Evolution Of The EURO Logos From 1960-2020

Update: Since the UEFA EURO 1996 in England, there have been sleeve badges. New football kit magazine Kit Mag shared pictures of all UEFA EURO sleeve badges since the EURO 1996.

EURO 2020 is now the 16th iteration of the competition. Let's have a look at all the logos from previous EURO until now to see how they have changed over the years. Huge thanks to @planetafobal for the image.


From 1960 to 1992, all iterations featured the same logo design. Host nation's flag on top, then the UEFA name in bold, geometric font and the year at the bottom right corner. The flags and the UEFA acronym is stylised to be in a flapping motion.

The only exception came in 1980, when the host Italy had a unique logo, a geranium with a football, as well as the usual UEFA flag.

Then came England 96. This was when the EURO logo really started to have much more creativity input. The graphic was colourful, depicting a football whose hexagon patches form a figure of a player shooting a ball. Below the graphic is the competition's name, which came in three different typefaces for the UEFA acronym, EURO 96 and England, respectively.

The year 2000 saw somewhat a similar theme, a graphic of a player kicking the ball with a circular shape in the back ground. This time, though, the name of the hosting nations was not put into text but incorporated directly into the graphic with the flags Netherlands and Belgium taking each half of the player figure. That year also the first to start having the UEFA name in an arch which still presents today.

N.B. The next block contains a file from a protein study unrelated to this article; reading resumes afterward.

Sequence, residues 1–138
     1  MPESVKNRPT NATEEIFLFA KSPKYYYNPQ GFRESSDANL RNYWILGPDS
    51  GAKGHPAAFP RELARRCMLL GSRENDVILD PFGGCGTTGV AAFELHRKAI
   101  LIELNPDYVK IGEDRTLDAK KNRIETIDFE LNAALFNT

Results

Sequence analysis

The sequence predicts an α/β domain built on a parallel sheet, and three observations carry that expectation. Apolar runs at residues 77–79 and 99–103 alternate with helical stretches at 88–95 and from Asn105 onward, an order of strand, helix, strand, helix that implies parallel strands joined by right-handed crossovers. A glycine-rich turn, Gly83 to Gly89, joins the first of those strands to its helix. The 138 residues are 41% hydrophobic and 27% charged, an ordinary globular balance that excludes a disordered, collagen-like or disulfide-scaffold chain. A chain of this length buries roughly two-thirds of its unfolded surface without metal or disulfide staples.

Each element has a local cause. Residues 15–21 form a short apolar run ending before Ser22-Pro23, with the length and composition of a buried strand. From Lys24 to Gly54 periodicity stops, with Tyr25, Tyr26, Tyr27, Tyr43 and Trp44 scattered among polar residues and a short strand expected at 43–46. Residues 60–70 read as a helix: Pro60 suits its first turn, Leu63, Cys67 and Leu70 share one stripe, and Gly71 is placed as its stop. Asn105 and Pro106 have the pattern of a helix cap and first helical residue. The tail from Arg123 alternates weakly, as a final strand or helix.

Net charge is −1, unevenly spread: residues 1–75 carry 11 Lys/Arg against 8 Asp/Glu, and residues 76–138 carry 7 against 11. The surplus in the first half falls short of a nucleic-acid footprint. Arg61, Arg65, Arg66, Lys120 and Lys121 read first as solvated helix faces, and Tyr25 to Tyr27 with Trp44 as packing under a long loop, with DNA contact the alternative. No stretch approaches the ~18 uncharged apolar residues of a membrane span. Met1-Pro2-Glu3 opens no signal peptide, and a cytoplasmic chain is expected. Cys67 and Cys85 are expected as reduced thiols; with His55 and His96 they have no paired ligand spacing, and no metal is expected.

The warm and sunny weather of Portugal's summer was the main theme for the 2004 EURO. Orange and yellow dominated the logo that had a football placed inside a heart shape and 7 green dots to its' right side.

From sunny seaside we moved to the mountainous areas of Austria and Switzerland in 2008. The high peaks are represented in red, home colours of both countries, while a green football is placed inside the curves of the red mountain. It is a simplistic design with nods to the natural beauty of the hosts.

Moving forward with having a touch of nature in logo design, the EURO 2012's featured two flowers in red/white (Poland) and blue/yellow (Ukraine) with a large football in the middle. Inside each shape is a human figure throwing their hands up in victory.

2016 saw the first EURO logo to include the Henri Delaunay Cup. France approached the design in a modern and subtle manner. Main colours are blue, white, red as per the flag of the nation. The graphic comprises of an elegant and refined collage of shapes to display France's artistic nature. Miguel Viana, designer of this logo as well as the 2012 one, cited his inspiration was 'Celebrating the Art of Football'.

Now the 2020 EURO, the first time where there is not one, not two but 13 countries across Europe that will host the matches. As such, the design feature a green arch, symbolising a bridge that connects and unites everyone, with the famous Henri Delaunay Cup sitting on top. Surrounding the club are celebrating fans of the game. Additionally, each city also has their own logo with their iconic bridge connected to the green bridge of the main EURO logo.

UEFA EURO Sleeve Badges - 1996-2020

The sleeve badges were introduced for the England EURO 1996 and have been there since then.

What do you think of past EURO logos? Let us know down in the comment.